Op-Ed: The Story Of Technology and Today’s Youth

Are youths being controlled by their devices? Teenagers are no match for the 5 inch devices kept in their pockets. Technology has created an all time high epidemic called smartphone obsession.

Adolescents aren’t yet capable of controlling their own smartphones. Whether we’re talking about high school students, middle school students, or even elementary students, smartphones have their tight grip on us all.

First, let’s look at a country over 6,000 miles away, who is facing an even more drastic technology addiction: South Korea. South Korea is one of the most technologically advanced countries in the world and it goes unnoticed in the United States. Although their technological prestige is high, it takes a massive toll on their teenage population. The culture in South Korea is without a doubt much different than in the United States and teenagers can’t help but get attached to technology.

According to John M. Rodgers, a teacher in South Korea, from the online magazine “The Diplomat,” 25.5 percent of children are now addicted while 40 percent of teens have experienced cyberbullying.

Students in South Korea are also required to take classes to “become less dependent” of technology. It’s gone to the extreme in South Korea, but it’s not the teenagers’ fault that smartphones are manufactured to get teens hooked.

The real question is why the Korean educational system hasn’t banned smartphones from schools, as the French school administration has. It is no longer a fair argument to say smartphones have a positive impact that is equal to, if not greater than, the negative impact. Smartphones have single-handedly changed society for the younger generation. The smartphone has made many platforms available to adolescents, such as Snapchat, Instagram, Facebook and Twitter.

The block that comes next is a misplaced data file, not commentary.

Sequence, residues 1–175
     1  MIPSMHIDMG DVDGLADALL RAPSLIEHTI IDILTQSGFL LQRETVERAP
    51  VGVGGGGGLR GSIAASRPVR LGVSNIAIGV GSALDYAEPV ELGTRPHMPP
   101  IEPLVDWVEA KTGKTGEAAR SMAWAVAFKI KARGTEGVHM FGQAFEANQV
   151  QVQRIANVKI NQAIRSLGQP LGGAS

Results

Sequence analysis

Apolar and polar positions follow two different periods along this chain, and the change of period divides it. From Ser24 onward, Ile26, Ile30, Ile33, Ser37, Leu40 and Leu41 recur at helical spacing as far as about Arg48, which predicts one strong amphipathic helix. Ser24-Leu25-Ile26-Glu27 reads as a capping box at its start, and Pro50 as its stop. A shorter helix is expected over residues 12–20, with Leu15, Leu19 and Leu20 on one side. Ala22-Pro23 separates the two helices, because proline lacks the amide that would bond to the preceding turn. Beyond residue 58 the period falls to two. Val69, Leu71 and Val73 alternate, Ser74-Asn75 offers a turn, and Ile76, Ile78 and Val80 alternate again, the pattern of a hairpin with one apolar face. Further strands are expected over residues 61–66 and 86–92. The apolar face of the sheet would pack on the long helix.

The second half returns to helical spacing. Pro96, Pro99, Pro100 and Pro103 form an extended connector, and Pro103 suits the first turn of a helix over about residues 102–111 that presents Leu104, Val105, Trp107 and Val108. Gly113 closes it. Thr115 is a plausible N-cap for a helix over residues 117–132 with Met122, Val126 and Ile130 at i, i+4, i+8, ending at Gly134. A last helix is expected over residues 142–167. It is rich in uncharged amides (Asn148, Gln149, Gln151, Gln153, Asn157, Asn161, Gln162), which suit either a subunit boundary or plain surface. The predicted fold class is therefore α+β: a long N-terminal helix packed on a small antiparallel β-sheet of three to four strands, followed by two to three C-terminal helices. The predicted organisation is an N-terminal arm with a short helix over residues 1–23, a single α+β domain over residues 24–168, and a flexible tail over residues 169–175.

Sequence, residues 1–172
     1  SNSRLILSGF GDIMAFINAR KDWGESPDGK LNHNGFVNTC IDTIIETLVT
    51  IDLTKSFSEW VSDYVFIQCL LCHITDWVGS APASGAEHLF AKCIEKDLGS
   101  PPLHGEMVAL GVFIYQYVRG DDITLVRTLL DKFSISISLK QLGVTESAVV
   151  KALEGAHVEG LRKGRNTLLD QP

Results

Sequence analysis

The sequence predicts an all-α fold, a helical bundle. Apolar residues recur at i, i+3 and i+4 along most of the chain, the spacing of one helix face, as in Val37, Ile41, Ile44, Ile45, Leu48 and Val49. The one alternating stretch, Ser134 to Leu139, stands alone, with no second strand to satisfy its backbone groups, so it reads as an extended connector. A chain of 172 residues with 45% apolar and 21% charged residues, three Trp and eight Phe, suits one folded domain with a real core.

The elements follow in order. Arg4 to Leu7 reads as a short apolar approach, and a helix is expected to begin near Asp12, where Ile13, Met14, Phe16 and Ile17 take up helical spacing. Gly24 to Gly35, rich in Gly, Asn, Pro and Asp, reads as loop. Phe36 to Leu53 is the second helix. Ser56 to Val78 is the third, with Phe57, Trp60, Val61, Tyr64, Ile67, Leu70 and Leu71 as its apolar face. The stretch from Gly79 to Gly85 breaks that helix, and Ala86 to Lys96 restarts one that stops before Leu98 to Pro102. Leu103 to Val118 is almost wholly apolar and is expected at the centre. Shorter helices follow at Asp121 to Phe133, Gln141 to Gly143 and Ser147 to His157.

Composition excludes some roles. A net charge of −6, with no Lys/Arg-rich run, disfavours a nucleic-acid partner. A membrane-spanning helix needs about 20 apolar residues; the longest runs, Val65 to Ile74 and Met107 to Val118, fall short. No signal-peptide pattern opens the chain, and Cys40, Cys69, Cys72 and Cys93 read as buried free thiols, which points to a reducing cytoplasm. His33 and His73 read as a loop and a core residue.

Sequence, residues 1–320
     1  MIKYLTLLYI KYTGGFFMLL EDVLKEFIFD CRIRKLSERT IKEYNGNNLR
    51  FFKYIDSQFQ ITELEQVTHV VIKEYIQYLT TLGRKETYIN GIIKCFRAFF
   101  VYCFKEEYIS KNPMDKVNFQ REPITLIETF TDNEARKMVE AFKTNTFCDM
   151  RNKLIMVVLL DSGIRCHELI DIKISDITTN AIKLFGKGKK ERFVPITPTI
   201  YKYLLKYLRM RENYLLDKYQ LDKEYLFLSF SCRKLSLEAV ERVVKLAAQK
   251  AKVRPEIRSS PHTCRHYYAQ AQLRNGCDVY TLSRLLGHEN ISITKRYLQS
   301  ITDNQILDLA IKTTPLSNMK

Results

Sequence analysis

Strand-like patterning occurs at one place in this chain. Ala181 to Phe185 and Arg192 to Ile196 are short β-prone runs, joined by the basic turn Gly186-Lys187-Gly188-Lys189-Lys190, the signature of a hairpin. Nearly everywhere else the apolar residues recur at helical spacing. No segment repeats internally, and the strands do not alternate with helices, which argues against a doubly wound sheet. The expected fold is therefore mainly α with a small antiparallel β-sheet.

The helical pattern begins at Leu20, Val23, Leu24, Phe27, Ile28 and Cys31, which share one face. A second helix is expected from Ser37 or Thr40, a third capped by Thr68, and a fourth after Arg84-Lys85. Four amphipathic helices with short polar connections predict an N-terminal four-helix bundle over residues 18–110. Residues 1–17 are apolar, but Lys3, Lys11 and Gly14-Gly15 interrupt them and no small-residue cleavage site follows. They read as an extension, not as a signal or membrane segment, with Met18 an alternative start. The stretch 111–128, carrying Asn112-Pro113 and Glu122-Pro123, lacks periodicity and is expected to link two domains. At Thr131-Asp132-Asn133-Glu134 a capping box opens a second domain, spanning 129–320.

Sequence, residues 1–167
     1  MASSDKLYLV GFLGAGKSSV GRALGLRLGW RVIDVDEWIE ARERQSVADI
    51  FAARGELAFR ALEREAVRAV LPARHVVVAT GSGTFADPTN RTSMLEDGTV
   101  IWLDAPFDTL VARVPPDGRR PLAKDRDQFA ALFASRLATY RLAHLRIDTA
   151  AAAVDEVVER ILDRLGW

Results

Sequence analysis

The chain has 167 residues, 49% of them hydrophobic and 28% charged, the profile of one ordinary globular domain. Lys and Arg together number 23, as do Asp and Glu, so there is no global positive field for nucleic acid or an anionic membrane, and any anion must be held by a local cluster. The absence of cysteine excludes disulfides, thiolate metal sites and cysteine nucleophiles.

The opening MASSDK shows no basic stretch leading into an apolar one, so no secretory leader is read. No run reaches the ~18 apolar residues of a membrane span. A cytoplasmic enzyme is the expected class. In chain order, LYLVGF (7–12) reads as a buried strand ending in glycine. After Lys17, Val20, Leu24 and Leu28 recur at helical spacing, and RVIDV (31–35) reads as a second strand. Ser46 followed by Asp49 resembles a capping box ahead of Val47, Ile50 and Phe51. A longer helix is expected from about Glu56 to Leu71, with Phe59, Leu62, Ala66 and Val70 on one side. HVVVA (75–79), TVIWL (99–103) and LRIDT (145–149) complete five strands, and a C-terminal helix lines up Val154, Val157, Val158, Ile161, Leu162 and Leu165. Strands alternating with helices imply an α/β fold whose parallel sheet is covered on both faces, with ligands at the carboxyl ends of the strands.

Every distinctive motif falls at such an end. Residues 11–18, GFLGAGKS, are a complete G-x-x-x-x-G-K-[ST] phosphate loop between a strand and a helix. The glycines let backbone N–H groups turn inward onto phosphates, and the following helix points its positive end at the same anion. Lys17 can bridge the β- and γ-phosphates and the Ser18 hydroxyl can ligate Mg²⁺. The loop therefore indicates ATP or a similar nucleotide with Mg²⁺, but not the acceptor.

Each platform has a tremendous impact on teens. I’ve witnessed the effect myself; while talking to a friend, a girl in my math class stated, “I haven’t checked Snapchat in 10 minutes, and I already feel like I’m missing out.” I genuinely believe her too. There isn’t a day that goes by when I don’t notice several of my peers checking their social media accounts in the middle of class.

My closest friends from the basketball team can’t stop playing video games at home or at school on their mobile devices. It’s gotten to the point where they’ve chosen to play video games instead of doing homework.

Above all, the absurdly high use of technology is pushing the health of most American youths into critical state. The more time spent on smartphones, the less time is spent outside engaging in physical activity.

The majority of teens would rather be comfortable and inside  where life is easy.

Jean Twenge’s research from the article “Have Smartphones Destroyed a Generation” shows that as a result of more technology, teens are less likely to get into relationships, engage in sexual activity, drink alcohol, and take up adult responsibilities such as getting a job.

However, they are more likely to stay home alone with their phone and do less homework than earlier generations. Eventually, more and more health issues will be traced back to the excessive use of technology.

Youths who are constantly using their devices are damaging the natural curvature of their necks, and will experience long term eye damage caused by absorbing the radiation from phone and TV screens.

Let’s not forget the most extreme of all cases; the ones directly linked with death — texting and driving leads to horrific accidents that can certainly result in death. On the other hand, texting while crossing the street makes youth unaware of what is around them and more vulnerable to getting hit by a car.

The youth of today is obsessed, not by the world around them, but by the world inside of a smartphone. There are countless apps out there to keep teens amused, and plenty of social media outlets that’ll keep teens updated. The choice to comfortably sit in a bed with a device in one hand wasn’t even attainable 20 years ago. But technology has changed so much in the past 10 years and it’s become unimaginably convenient.

However, no children, teenagers or adults are qualified to control these addictions, and now, our greatest invention has become our greatest nightmare.

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